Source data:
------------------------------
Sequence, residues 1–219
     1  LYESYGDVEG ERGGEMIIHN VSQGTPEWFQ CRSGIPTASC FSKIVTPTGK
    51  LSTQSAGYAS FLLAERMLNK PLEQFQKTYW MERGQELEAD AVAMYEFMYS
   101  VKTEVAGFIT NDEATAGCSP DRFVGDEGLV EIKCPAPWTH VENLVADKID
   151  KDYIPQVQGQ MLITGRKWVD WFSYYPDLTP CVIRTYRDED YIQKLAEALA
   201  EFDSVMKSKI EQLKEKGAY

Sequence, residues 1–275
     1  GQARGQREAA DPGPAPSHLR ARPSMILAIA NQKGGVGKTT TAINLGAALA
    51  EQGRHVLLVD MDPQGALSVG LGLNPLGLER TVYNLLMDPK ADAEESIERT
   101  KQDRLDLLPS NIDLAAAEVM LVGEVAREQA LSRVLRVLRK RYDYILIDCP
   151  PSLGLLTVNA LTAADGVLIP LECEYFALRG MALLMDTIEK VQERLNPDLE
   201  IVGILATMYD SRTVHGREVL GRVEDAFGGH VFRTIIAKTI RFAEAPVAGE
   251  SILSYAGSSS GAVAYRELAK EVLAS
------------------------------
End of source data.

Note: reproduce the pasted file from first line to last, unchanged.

Sequence, residues 1–219
     1  LYESYGDVEG ERGGEMIIHN VSQGTPEWFQ CRSGIPTASC FSKIVTPTGK
    51  LSTQSAGYAS FLLAERMLNK PLEQFQKTYW MERGQELEAD AVAMYEFMYS
   101  VKTEVAGFIT NDEATAGCSP DRFVGDEGLV EIKCPAPWTH VENLVADKID
   151  KDYIPQVQGQ MLITGRKWVD WFSYYPDLTP CVIRTYRDED YIQKLAEALA
   201  EFDSVMKSKI EQLKEKGAY

Sequence, residues 1–275
     1  GQARGQREAA DPGPAPSHLR ARPSMILAIA NQKGGVGKTT TAINLGAALA
    51  EQGRHVLLVD MDPQGALSVG LGLNPLGLER TVYNLLMDPK ADAEESIERT
   101  KQDRLDLLPS NIDLAAAEVM LVGEVAREQA LSRVLRVLRK RYDYILIDCP
   151  PSLGLLTVNA LTAADGVLIP LECEYFALRG MALLMDTIEK VQERLNPDLE
   201  IVGILATMYD SRTVHGREVL GRVEDAFGGH VFRTIIAKTI RFAEAPVAGE
   251  SILSYAGSSS GAVAYRELAK EVLAS